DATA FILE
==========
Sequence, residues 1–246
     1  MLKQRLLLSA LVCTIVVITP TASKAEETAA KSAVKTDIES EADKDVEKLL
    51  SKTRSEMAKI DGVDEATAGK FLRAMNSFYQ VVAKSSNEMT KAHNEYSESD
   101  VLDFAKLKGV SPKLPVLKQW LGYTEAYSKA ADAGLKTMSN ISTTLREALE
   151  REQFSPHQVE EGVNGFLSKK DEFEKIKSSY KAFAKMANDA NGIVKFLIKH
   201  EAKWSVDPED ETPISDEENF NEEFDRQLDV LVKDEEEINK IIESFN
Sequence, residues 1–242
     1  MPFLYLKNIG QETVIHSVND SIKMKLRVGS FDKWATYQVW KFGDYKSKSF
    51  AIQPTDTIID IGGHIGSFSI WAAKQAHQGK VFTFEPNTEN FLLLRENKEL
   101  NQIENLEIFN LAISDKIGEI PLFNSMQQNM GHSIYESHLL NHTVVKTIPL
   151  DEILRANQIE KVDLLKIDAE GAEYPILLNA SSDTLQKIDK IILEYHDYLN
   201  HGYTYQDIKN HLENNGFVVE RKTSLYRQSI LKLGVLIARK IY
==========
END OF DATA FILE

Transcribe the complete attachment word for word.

Sequence, residues 1–246
     1  MLKQRLLLSA LVCTIVVITP TASKAEETAA KSAVKTDIES EADKDVEKLL
    51  SKTRSEMAKI DGVDEATAGK FLRAMNSFYQ VVAKSSNEMT KAHNEYSESD
   101  VLDFAKLKGV SPKLPVLKQW LGYTEAYSKA ADAGLKTMSN ISTTLREALE
   151  REQFSPHQVE EGVNGFLSKK DEFEKIKSSY KAFAKMANDA NGIVKFLIKH
   201  EAKWSVDPED ETPISDEENF NEEFDRQLDV LVKDEEEINK IIESFN
Sequence, residues 1–242
     1  MPFLYLKNIG QETVIHSVND SIKMKLRVGS FDKWATYQVW KFGDYKSKSF
    51  AIQPTDTIID IGGHIGSFSI WAAKQAHQGK VFTFEPNTEN FLLLRENKEL
   101  NQIENLEIFN LAISDKIGEI PLFNSMQQNM GHSIYESHLL NHTVVKTIPL
   151  DEILRANQIE KVDLLKIDAE GAEYPILLNA SSDTLQKIDK IILEYHDYLN
   201  HGYTYQDIKN HLENNGFVVE RKTSLYRQSI LKLGVLIARK IY